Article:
The Supper Burger feels like wet cat food.

It was my “eureka” moment. I stepped into a bathtub and discovered it was filled with Fancy Feast. It was the perfect description, but it was too perfect: it made me forget the way the burger tasted. Whenever I thought about about it, I saw a mound of gelatinous pink slop on a bun, and when I tried to recall the flavor all I could think of was ground salmon and gravy. If it weren't for my notes, I'd have no idea what the burger tasted like at all.

When I left the restaurant I thought the burger was an 8, but now I can think of is soft, mushy, mealy cat food. The burger is dead to me. I can never go back to those innocent times. Cats have ruined the Supper burger for me. Cats have ruined everything for me. You can go to Supper for the burger if you are brave, but whatever you do, try not to think of this.

Rating: Fuck cats.

Burger at Supper

Laurence: I've always felt supper was an English thing, or at least a southern thing, which in general means I don't like it. I don't suppose there's anything wrong with the meal, just that there's something wrong with the name for the meal. Overall my prejudice hadn't really been a valid point until I arrived at Supper.

Supper is the kind of restaurant you can't help but like. Mainly because it is generically classy. From the large format Americana photos of farms adorning the walls to the sleek cocktail menu, Supper is a stereotype of a classy restaurant come to life. I happen to like it and think the execution of the place is quite successful. After all, creating a working venue that feels like a movie set is usually the providence of Stephen Starr but Supper pulls off the ambiance quite well with a waitstaff, drinks, and food to match.

The burger at Supper isn't really an oddball on the menu as often seems to be the case at nicer restaurants. At Supper the burger fits nicely among a menu full of simply prepared, excellent dishes. Everything on this burger is done well. From the bun, an obscenely fatty, buttered, brioche, to the thick patty which traps the bacon and onions under a french onion soup worthy layer of melted cheese, this burger is a pull the stops out cholesterol hammer of fine ingredients and rich tastes.

I had one issue with my meal however, and it is an issue that should not be taken lightly. Texture can make or break a burger. I found this out the hard way last year at Parc. There's a find line in the world of food preparation. As a chef I imagine you want to stand out, to make an impression, and perhaps even to push the lines of expectation. But crossing the line leaves a bitter taste in the mouth. Texture can factor heavily into this. Take oysters for instance. More than anything else, it is the texture that people have trouble with. Taste can be masked with only a small volume of a stronger flavor. Texture requires considerable material to be significantly changed. Supper's burger had a serious structural integrity issue. It felt as though it was struggling to stay formed as a patty, and that was before I lifted it up. All bets were off in the eating process. Each bite caused more of a mess. More than anything the experience reminded me of eating a sloppy joe in a high school cafeteria. I have never eaten a sloppy joe in a high school cafeteria, but I watched it from afar, basically in horror, so I'm sort of familiar with the concept.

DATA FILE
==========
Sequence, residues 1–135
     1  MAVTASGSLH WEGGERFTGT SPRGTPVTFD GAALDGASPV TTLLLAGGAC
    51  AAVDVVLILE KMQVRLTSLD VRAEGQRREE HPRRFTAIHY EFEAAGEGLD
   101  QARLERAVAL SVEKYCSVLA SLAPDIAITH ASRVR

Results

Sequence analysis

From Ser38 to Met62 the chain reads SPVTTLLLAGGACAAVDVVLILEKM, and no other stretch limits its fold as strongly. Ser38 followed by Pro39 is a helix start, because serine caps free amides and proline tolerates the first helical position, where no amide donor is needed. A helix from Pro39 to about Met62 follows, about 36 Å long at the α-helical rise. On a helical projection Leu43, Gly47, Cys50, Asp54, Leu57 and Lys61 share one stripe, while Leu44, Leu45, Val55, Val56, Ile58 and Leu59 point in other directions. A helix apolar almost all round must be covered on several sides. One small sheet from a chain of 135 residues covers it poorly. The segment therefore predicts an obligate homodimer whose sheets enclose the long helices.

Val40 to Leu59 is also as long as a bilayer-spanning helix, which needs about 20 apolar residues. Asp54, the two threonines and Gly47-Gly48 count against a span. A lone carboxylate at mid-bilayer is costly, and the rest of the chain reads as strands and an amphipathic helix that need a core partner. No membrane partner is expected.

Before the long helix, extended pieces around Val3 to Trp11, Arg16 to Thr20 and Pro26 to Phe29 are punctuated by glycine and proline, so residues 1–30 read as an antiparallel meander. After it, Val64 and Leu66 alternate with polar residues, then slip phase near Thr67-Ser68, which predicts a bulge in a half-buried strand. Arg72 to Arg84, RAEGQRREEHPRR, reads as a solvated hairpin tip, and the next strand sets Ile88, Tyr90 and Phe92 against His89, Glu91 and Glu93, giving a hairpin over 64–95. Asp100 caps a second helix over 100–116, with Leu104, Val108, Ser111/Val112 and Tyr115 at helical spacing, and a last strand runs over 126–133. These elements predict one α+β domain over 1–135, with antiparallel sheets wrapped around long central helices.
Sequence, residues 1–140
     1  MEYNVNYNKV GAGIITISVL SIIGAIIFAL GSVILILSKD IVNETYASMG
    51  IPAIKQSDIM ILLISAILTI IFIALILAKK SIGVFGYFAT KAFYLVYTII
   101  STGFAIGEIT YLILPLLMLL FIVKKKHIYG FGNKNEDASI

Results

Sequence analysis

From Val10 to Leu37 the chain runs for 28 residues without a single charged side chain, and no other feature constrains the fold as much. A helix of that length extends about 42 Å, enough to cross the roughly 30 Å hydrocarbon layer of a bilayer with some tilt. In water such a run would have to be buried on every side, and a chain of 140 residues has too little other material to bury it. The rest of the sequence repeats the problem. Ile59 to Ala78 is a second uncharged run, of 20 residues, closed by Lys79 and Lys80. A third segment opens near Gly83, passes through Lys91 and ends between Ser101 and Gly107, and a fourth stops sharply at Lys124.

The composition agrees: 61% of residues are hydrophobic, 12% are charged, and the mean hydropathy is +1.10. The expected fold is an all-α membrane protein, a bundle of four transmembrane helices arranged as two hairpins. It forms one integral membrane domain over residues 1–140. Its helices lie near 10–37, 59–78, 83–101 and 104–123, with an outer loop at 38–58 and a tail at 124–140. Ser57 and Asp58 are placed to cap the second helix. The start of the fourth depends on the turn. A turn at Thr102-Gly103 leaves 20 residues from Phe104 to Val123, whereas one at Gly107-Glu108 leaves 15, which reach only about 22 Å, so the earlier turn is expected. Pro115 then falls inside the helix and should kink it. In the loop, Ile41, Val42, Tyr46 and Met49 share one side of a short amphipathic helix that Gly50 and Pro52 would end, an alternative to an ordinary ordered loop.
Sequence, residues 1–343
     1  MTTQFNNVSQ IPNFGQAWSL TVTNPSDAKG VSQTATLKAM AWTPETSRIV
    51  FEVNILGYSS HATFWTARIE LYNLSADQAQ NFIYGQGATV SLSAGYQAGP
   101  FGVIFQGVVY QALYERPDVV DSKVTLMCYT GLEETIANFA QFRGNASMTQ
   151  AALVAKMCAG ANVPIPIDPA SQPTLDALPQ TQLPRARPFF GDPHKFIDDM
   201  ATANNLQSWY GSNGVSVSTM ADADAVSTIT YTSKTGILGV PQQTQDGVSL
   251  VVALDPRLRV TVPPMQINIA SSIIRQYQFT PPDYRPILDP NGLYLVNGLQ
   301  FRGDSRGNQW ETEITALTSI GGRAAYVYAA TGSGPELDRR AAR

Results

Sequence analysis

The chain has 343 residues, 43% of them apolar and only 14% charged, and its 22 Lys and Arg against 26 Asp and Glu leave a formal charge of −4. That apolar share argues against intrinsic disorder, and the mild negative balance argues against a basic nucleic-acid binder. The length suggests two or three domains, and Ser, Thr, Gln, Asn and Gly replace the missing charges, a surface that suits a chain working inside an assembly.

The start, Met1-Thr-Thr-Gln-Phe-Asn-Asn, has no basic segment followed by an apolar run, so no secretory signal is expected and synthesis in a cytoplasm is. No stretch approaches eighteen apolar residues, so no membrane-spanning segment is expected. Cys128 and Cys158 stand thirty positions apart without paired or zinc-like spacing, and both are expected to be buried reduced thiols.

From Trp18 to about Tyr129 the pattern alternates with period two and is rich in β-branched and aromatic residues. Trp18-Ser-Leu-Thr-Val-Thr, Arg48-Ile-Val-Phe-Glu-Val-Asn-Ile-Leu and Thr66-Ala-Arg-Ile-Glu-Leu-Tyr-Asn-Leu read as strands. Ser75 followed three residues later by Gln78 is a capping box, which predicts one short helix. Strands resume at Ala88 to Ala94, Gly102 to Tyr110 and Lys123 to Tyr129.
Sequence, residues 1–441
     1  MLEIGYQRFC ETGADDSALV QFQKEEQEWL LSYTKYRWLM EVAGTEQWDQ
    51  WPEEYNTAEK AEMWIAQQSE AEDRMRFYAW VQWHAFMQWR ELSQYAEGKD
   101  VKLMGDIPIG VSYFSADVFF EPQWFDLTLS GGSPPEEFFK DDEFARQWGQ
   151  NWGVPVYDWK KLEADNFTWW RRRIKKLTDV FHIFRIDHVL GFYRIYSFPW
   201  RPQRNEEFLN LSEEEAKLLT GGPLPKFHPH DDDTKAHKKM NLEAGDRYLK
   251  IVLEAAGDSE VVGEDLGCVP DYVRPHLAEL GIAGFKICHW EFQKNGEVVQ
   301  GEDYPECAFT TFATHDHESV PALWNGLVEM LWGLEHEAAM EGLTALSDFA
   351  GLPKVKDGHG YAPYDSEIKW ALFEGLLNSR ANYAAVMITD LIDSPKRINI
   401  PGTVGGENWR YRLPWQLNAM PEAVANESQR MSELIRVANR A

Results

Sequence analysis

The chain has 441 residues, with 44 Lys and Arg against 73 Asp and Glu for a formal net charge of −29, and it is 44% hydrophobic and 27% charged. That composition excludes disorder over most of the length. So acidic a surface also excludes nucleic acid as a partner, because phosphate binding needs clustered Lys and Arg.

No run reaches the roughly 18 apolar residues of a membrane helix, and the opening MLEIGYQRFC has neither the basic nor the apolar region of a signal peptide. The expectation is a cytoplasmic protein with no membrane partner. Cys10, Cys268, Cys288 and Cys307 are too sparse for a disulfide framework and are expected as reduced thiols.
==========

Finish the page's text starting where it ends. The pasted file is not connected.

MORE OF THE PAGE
While all the ingredients were delicious in and of themselves, and while the flavors blended better than sex on the beach, the overall experience was much like sex on the beach, a disappointment that ends with sand in your crotch.

If you are a burger lover, a trip to Supper is probably a necessary trip. The tastes and the experience are worth your time and the Supper burger remains a perfect example of a burger that excels on all fronts except one. For this reason we can look at it as a kind of academic experience, that of the singularly flawed burger. Where such a burger falls on your personal spectrum depends on how much sand your crotch can tolerate before you stop enjoying sex. But for me, a mouthful of mush will wipe away the memory of any good flavor. Now if you'll excuse me I have a lobster and mashed potato milkshake waiting for desert. I wouldn't want it to melt. Rating: 6/10.


At least the drinks are strong.